The Age of Agnotology: The Importance of Reading Newspapers in an Era of Fake News

Of all the possible places to try to sell a dogmatically Leninist newspaper in 2016, the gates of a small, private, right-wing Catholic university is probably not the best location. Leaving work earlier this week I was surprised to encounter an actual 21st Century Bolshevik selling Lotta Comunista (Communist Struggle). Che testardo! The front page featured an actual hammer and sickle and an exhortation to the workers of the world to put down their bloody phones for a minute and UNITE!. Inside there was a closely-written article on US energy policy that featured nary a mention of the changing climate, while page 6 featured a total of 448 individual statistics relating to socio-economic class and voting habits in the USA. At least its position on Sunday’s absurd and suicidal referendum was more sensible than that of the rest of the ‘left’: they recommend that their readers stay at home memorising ‘What is to be done’ rather than bothering to vote. If you’re so inclined you can read your way through the rest of it here.

A thought experiment: imagine a country in which such a publication was the only newspaper. Actually come to think of it I don’t have to try that hard because I’ve been there quite recently – in May, in Cuba, where the only two daily newspapers are the black-and-white 12-page Government propaganda sheet Granma (named after the tiny vessel that brought Fidel (RIP) and friends back to Cuba in 1956), and an 8-page supplement for03-cuba-fidel-granma young people called Juventude Rebelde (Rebel Youth), which is similar in look, style and content to the kind of publications the Worker’s Revolutionary Party used to try (and fail) to hand out for free. Both newspapers are hard to track down and (after a couple of days of cheap laughs, and once you’ve set aside a few copies as very cheap presents) genuinely not worth the effort. When in the 1990s the US not-an-embassy put up LED screens to broadcast subversive information to the city it must have had quite an impact. In Mozambique – also nominally a Communist country – the national newspapers are remarkably similar in style and content to the cheaper Portuguese tabloids. I once read a very depressing article (it wasn’t supposed to be depressing) about how popular A Bola (The Ball) is in Angola. In some countries, the main journals of record are ones which just report the achievements of government (rather like a lot of local newspapers nowadays in the UK in relation to local councils). In others, the only opposition newspapers are those owned by politically ambitious oligarchs . There are other channels of communication but the absence of a free press makes a country much culturally and socially poorer and less free.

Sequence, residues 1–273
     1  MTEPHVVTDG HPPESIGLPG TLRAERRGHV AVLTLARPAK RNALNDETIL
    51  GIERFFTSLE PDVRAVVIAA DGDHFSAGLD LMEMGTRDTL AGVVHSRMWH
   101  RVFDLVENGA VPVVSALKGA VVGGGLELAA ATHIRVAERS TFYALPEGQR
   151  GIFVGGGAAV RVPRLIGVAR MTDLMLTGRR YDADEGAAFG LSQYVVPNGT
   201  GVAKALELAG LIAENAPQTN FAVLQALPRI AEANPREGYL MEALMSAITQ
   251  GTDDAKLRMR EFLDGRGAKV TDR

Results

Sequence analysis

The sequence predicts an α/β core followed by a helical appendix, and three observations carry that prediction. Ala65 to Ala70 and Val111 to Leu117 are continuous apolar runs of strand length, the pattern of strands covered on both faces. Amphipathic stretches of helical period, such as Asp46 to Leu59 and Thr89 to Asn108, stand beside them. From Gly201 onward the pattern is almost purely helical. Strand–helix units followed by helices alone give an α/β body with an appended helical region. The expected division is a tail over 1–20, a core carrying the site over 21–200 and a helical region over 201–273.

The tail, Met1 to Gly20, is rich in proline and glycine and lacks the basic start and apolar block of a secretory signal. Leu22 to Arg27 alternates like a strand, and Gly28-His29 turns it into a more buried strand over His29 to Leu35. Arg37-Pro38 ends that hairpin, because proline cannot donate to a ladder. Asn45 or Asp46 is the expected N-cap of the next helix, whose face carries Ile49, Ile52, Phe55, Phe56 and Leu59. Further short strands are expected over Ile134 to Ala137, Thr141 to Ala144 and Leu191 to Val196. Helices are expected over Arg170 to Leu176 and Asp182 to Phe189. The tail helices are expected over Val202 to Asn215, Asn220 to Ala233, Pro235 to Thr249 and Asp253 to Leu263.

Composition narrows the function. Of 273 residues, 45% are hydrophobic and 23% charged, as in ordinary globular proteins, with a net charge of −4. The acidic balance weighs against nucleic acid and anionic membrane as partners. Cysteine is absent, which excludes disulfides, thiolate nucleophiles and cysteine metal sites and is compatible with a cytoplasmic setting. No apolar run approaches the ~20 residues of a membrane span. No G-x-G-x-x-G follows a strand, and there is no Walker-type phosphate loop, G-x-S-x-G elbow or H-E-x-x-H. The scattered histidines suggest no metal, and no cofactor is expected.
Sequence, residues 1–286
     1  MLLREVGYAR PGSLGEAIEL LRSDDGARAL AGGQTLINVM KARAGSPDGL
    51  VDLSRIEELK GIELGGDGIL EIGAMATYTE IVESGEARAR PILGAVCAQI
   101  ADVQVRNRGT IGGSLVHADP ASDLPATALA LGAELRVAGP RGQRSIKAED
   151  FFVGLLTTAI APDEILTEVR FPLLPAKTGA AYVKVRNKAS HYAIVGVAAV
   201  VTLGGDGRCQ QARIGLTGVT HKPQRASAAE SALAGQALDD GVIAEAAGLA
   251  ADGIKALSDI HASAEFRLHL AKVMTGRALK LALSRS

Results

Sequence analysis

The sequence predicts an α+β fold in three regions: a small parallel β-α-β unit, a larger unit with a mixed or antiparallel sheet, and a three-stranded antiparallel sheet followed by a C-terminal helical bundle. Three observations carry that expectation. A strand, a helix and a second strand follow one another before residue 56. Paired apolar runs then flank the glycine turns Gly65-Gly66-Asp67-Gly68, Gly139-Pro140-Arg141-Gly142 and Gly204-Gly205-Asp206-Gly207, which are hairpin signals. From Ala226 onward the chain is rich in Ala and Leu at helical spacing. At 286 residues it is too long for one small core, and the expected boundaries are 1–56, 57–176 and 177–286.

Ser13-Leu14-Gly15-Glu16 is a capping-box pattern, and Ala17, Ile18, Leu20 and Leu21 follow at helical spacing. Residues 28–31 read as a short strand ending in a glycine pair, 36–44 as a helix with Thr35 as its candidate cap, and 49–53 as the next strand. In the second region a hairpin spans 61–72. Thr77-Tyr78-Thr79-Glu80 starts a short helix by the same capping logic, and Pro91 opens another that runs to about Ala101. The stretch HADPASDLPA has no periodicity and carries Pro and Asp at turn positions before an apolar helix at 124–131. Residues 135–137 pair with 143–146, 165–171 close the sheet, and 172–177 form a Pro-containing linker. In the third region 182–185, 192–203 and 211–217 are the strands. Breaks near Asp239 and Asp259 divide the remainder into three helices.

I’ve been privileged in that I have spent time in a number of countries (the UK, Ireland, Portugal, Spain, Brazil, Mexico and Italy) where the published press was diverse and largely free of government control. I grew up with The Guardian, and although I by no means always agree with its commentators I do broadly trust its news coverage. That doesn’t mean I put blind faith in everything that it says.  I take a critical stance on what I read and am able to spot evasions, omissions and occasional inaccuracies. I am also aware that the stories a newspaper chooses to cover and give prominence to represent powerful people’s decisions as to what readers want to read and what advertisers want them to read. Being minimally media-literate means being aware of issues such as ownership and the role of commercial imperatives in determining coverage, content and presentation. The intensification of such pressures has led to the development of churnalism, the cutting-and-pasting-of-press-releases approach to reporting which has in turn discredited journalists and journalism as a profession. Ironically, the investigations that produced the churnalism thesis and subsequently exposed the phone-hacking scandal were only possible because, like in the case of the film Spotlight, reporters were employed full-time on a project which would only bear fruit some years down the line. Some long-running investigations never even get published. Contrast that with content mills where reporters produce 20 stories a day, creating the now-widespread impression that ‘journalists’ just sit around making things up.

Reporters often have to work to tight deadlines, which means they often have limited time to get to grips with dense and complex social, political and historical contexts. Their inevitable fallibility and the fact that there are also legions of hacks out there who are lazy, venal, dishonest or incompetent or who work for greedy or corrupt news organisations should in no way detract from the work of serious, skilled and dedicated journalists. In this video